In putting together the anthology, I thought about which pieces are my personal favorites, which are our readers’ favorites, and which pieces feel really crucial and important. A part of me wanted it to be this exhaustive thing that touches on every important figure and movement within feminist literary history, but it obviously can't be that. But to make sure that important writers and works were included, as well as different perspectives and schools of thought, I brought in some new work—Christina Olivares’s essay on Emily Dickinson, Mariahadessa Ekere Tallie’s piece on Ntozake Shange, Zoe Tuck’s reflection on Helene Cixous, and others—to round out the collection.

At first I had this ambitious idea that I was going to make it read like the pieces were written in 2024, and not 2015. And then I was just like, you know what, that's not possible. These pieces were written at whatever point they were written and I want to honor that. I did edit it to some extent: editing language that felt out of date, modifying work to read well in a book as opposed to online, trimming where it made sense to trim, expanding pieces where it made sense to expand. It ended up becoming more of a time capsule to archive the work and conversations that happened in this online space. 

KF: What’s amazing to me is that whether there were minor or extensive edits to a piece, you have to be in conversation with all of these contributors at once. That’s a lot of coordination and communication. Speaking of workload, The Weird Sister Collection came out in February and your own book of poetry Diary was released last October. That’s two books released in the span of six months, while you were also working a day job. How do you balance it all? 

MC: It has been a lot. And I appreciate this question too, because many of my poems in Diary, especially in the Big Brown Bag section, are about having a job. It’s something I've been obsessed with as an artist—how you have a job, how you exist as an artist within and outside of that job, and how you find the time to do it all. It’s this impossible challenge and riddle and balancing act. My schedule is just constantly bursting with too many things to do.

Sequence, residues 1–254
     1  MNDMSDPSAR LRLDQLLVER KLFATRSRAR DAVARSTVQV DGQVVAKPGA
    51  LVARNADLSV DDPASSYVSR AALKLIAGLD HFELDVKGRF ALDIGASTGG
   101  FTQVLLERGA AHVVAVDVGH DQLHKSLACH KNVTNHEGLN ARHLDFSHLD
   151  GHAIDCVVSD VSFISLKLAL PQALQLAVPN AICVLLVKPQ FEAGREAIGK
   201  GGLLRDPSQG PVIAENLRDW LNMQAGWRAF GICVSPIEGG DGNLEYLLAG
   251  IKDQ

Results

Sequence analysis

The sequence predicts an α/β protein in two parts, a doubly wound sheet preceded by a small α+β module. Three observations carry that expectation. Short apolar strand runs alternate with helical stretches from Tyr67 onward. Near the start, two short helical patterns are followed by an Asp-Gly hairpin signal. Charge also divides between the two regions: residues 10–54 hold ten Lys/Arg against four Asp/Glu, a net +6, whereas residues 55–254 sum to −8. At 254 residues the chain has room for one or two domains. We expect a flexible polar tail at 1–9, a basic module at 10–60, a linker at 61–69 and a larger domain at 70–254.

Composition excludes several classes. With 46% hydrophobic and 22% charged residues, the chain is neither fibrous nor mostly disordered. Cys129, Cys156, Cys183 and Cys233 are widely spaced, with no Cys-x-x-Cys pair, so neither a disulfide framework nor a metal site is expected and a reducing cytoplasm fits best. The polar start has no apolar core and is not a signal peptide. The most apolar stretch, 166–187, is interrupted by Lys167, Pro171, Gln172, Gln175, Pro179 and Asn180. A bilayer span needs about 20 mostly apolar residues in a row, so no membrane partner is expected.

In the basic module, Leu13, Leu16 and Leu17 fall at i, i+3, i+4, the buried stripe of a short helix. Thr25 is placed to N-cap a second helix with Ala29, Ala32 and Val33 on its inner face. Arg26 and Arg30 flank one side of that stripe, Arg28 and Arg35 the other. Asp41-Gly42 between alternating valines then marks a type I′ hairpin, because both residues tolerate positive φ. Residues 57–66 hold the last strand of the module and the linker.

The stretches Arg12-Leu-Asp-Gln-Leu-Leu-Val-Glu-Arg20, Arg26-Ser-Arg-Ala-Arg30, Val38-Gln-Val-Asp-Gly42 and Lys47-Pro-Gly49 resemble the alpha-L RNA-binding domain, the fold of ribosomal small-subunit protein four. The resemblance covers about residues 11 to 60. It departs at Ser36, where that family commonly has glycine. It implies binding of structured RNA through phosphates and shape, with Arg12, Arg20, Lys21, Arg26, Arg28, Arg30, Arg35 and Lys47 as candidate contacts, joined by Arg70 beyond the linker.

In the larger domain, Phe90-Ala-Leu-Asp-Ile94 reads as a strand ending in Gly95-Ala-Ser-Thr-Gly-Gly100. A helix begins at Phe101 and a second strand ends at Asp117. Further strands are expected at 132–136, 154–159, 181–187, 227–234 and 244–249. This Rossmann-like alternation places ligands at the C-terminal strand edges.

For The Weird Sister Collection, I first met with Lauren at Feminist Press in 2018 or 2019 and pitched the idea to her. And then I ended up shifting gears and doing We Are the Baby-Sitter's Club with Megan Milks, which came out in 2021. After that, I was in this process of focusing on my own writing, which I was doing every day, and which felt really good. 

I had this deadline for The Weird Sister Collection, but I also felt like I needed to stick with this everyday writing practice. Time for my own work is so precious—and it was nice to feel like a writer again instead of just an editor, after having just edited the BSC anthology. I work as a copywriter and digital marketer for my day job, and I would do an hour before work every morning, but then at a certain point, I was like, okay, lol, I need to abandon this and focus on the anthology, or I'm never going to meet this deadline. Then Diary was accepted, and it was just too many things—an hour of my own writing, editing an anthology, having my poetry book coming out, and then like, an entire full-time job. 

It was a very chaotic schedule, but I would just force myself to get it done. I would finish work and then leave my apartment—it was deep COVID and I wasn’t going to just sit at the same desk where I've been sitting for eight hours—and sit outside a café and work on the Weird Sister anthology. It’d get dark and I’d still be sitting there on the sidewalk drinking caffeine.